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Any advice woud be much appreciated.

The question states: 'A stone is thrown at an angle theta to the horizontol from a cliff 100m above the sea at 30m/s. At what angle should it be thrown to maximise the horizontol distance it travels?'

Now i understand what you have to do, but the algebra gets ridiculous...

x = Vtcosθ i + (Vtsinθ - 1/2gt²) j (where x = displacement, V = start speed, θ = angle thrown, g = acceleration due to gravity = 9.8 , t = time after throw , i and j are vectors)

Therefore, using just the 'j' component of displacement,

-100 = 30tsinθ - 1/2gt² (minus 100 because the stone starts 100m above it)

and solving for t using quadratic formula, gives

t = 10/g (3sinθ + (9sin²θ + 2g)^½)

Now we use the displacement vector for just i

w = 30cosθ t (from first equation), where w = horizontol distance.

=> w = 30cosθ (10/g (3sinθ + (9sin²θ + 2g)^½)) (subbing for t)

now we have to differentiate this to find the maximum, and set the differentiated bit to 0, and solve for θ. YEEESSSSSHHHH..i've done the differentiation and i've tried so many different ways of solving for θ. Can anyone help, or can anyone suggest an alternative?

In case anyone out there can be bothered to try this, after the differentiation you get:

3cos2θ - sinθ(9sin²θ + 2g)^½ + 9cos²θsinθ(9sin²θ + 2g)^-½ = 0

If anyone can solve that for theta, i'll buy them a pint...

Cheers

The question states: 'A stone is thrown at an angle theta to the horizontol from a cliff 100m above the sea at 30m/s. At what angle should it be thrown to maximise the horizontol distance it travels?'

Now i understand what you have to do, but the algebra gets ridiculous...

x = Vtcosθ i + (Vtsinθ - 1/2gt²) j (where x = displacement, V = start speed, θ = angle thrown, g = acceleration due to gravity = 9.8 , t = time after throw , i and j are vectors)

Therefore, using just the 'j' component of displacement,

-100 = 30tsinθ - 1/2gt² (minus 100 because the stone starts 100m above it)

and solving for t using quadratic formula, gives

t = 10/g (3sinθ + (9sin²θ + 2g)^½)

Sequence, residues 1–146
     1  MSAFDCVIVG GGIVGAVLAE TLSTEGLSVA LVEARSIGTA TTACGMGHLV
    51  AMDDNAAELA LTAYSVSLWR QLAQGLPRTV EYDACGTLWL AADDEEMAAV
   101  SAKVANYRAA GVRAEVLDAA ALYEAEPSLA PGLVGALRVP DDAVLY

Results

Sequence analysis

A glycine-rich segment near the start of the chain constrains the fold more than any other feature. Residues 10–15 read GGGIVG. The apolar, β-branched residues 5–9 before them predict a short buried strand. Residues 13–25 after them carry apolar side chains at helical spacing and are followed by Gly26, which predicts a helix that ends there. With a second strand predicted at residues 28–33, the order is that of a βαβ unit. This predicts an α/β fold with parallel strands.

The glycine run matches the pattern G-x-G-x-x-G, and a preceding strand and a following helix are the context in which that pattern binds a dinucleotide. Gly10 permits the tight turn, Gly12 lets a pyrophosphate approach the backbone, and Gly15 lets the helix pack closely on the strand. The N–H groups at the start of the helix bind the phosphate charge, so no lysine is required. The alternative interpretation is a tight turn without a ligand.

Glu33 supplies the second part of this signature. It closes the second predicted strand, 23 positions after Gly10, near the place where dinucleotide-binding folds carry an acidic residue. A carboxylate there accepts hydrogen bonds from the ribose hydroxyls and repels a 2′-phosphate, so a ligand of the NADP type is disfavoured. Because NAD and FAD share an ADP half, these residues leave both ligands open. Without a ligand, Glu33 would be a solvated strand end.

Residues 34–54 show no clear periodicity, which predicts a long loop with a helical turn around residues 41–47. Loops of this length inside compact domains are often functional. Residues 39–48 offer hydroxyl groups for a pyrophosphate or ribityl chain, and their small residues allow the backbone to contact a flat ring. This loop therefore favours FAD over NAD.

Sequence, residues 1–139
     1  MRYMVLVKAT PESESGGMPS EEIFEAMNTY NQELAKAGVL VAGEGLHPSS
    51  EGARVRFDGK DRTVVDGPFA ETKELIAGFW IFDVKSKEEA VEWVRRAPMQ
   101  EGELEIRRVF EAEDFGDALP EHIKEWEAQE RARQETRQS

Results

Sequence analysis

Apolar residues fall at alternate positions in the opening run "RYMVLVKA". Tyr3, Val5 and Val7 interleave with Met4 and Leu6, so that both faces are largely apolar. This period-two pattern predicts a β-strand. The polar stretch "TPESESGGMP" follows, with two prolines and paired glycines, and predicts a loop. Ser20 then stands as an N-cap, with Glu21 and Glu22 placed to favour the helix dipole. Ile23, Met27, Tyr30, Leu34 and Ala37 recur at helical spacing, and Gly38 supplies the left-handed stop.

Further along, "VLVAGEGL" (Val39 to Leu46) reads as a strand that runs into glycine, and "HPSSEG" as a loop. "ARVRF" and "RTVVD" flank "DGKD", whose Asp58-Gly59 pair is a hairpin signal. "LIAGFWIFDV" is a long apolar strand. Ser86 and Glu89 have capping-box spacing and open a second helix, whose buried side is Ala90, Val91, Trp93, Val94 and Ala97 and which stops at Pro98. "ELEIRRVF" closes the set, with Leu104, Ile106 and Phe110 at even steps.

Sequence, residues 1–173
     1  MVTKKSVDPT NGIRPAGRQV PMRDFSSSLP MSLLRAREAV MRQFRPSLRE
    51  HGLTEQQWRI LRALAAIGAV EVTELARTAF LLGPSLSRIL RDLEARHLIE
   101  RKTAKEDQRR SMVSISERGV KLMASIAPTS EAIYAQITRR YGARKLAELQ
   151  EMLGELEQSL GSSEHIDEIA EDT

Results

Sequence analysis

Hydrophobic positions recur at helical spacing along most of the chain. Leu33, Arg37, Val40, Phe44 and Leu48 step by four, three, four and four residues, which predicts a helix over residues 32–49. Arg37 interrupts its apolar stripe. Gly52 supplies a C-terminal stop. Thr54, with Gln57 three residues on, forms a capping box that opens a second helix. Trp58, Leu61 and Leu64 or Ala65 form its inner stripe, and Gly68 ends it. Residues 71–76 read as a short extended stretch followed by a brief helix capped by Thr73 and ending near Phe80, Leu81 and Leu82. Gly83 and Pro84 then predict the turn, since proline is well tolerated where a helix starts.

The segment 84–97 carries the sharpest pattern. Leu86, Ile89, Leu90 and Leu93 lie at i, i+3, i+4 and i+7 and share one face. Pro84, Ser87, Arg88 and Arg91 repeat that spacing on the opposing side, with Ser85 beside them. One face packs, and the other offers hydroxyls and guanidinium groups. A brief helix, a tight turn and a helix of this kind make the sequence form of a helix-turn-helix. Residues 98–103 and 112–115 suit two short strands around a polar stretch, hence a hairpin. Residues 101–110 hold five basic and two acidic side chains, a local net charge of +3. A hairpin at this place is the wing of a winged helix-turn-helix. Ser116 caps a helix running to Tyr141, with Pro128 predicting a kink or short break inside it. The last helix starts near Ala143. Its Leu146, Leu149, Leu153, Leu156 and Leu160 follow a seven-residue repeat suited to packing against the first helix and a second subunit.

Now we use the displacement vector for just i

w = 30cosθ t (from first equation), where w = horizontol distance.

=> w = 30cosθ (10/g (3sinθ + (9sin²θ + 2g)^½)) (subbing for t)

now we have to differentiate this to find the maximum, and set the differentiated bit to 0, and solve for θ. YEEESSSSSHHHH..i've done the differentiation and i've tried so many different ways of solving for θ. Can anyone help, or can anyone suggest an alternative?

In case anyone out there can be bothered to try this, after the differentiation you get:

3cos2θ - sinθ(9sin²θ + 2g)^½ + 9cos²θsinθ(9sin²θ + 2g)^-½ = 0

If anyone can solve that for theta, i'll buy them a pint...

Cheers

Scroll to see replies

i think there is a standard result for the maximum horizontal distance and the answer is 45 degrees. i'm not sure how to prove it but i'll try anyway.

first we find what the time of flight is. let this be T.

vertical components: speed(u)=Usin(alpha), acceleration(a)=-g, displacement(S)=0, time(t)=T

using the eq'n S=ut + 1/2at^2,

Usin(alpha)T - 1/2gT^2=0

factorising, T=0 or T=2Usin(alpha)/g

now for the horizontal distance:

horizontal components: u=Ucos(alpha), S=R, t=T

using the eq'n S=ut,

R= Ucos(alpha)T

= 2U^2sin(alpha)cos(alpha)/g

simplying using the double angle formula,

R= U^2sin2(alpha)/g

for the horizontal distance to be maximum, sin2(alpha) must be maximum.

sin2(alpha)=1

therefore 2(alpha)=90

and alpha=45

and this is a standard result.

this looks very messy especially since i don't know how to use symbols to indicate angles..sorry!

basically how i did it was:

a) find time of entire journey

b) find horizontal range and substitute expression in a) for time.

c) find angle for range to be maximum.

hope this helps!

first we find what the time of flight is. let this be T.

vertical components: speed(u)=Usin(alpha), acceleration(a)=-g, displacement(S)=0, time(t)=T

using the eq'n S=ut + 1/2at^2,

Usin(alpha)T - 1/2gT^2=0

factorising, T=0 or T=2Usin(alpha)/g

now for the horizontal distance:

horizontal components: u=Ucos(alpha), S=R, t=T

using the eq'n S=ut,

R= Ucos(alpha)T

= 2U^2sin(alpha)cos(alpha)/g

simplying using the double angle formula,

R= U^2sin2(alpha)/g

for the horizontal distance to be maximum, sin2(alpha) must be maximum.

sin2(alpha)=1

therefore 2(alpha)=90

and alpha=45

and this is a standard result.

this looks very messy especially since i don't know how to use symbols to indicate angles..sorry!

basically how i did it was:

a) find time of entire journey

b) find horizontal range and substitute expression in a) for time.

c) find angle for range to be maximum.

hope this helps!

I've been trying this one for ages, and have to admit I am stumped. I can solve it using programs like mathematica. But doing it analytically is doing my head in. I get a quartic in theta squared. Which is just nasty. I guess I am missing some kind of trigonometric substitution along the line somewhere which greatly simplifies things .